Practice Management Software Buyer Report – 2018

By: on March 13, 2018

Software Advice has talked to thousands of medical offices about practice management software over the years, and the benefits of these conversations are twofold:

  • First, our team of advisors is able to help match buyers with the best software vendors for their unique needs.
  • Second, we’re able to collect and analyze the data from these discussions in order to see buyer and market trends.

We recently used our data for the latter by looking at a random selection of 200 buyer conversations that took place in the past year. In this article, we’ll detail our findings, from common pain points to most frequently requested software features.

Key Takeaways:

• Most practices are looking to replace existing software that they find subpar. [Read more]

• Better organization is the primary reason for wanting new practice management software. [Read more]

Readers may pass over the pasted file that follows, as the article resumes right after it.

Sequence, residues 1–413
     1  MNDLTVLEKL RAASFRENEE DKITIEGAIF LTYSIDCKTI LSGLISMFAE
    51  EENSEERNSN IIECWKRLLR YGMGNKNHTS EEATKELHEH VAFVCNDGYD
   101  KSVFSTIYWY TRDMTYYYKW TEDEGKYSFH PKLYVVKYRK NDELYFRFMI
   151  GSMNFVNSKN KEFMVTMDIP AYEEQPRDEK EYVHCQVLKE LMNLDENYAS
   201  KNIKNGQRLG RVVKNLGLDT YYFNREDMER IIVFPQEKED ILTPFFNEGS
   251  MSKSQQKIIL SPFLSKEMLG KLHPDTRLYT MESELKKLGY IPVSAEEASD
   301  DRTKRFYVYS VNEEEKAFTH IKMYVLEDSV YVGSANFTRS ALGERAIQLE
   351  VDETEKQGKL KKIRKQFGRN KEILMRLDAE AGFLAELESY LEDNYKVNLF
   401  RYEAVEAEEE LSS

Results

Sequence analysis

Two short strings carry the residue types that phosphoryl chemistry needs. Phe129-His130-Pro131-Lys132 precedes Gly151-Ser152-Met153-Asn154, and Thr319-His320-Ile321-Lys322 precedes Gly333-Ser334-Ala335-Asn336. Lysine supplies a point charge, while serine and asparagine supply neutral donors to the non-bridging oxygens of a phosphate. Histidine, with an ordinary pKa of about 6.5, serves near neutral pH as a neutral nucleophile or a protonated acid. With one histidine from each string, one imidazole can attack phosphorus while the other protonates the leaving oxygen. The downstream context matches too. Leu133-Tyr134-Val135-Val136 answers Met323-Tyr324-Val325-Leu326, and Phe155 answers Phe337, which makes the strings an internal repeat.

• A lot more practice management software buyers are specifically asking for cloud-based deployment solutions. [Read more]

• Scheduling is a must-have feature for software buyers, and integrated billing and scheduling is ideal. [Read more]

Most Practices Want to Replace Existing Software

Of the software buyers who called our advisors looking for practice management systems, the majority already had some form of medical office management software in place—be it scheduling, EHR, practice management or patient engagement software—that they were looking to replace or upgrade.

Prospective Buyers’ Current Methods

prospective buyers current methods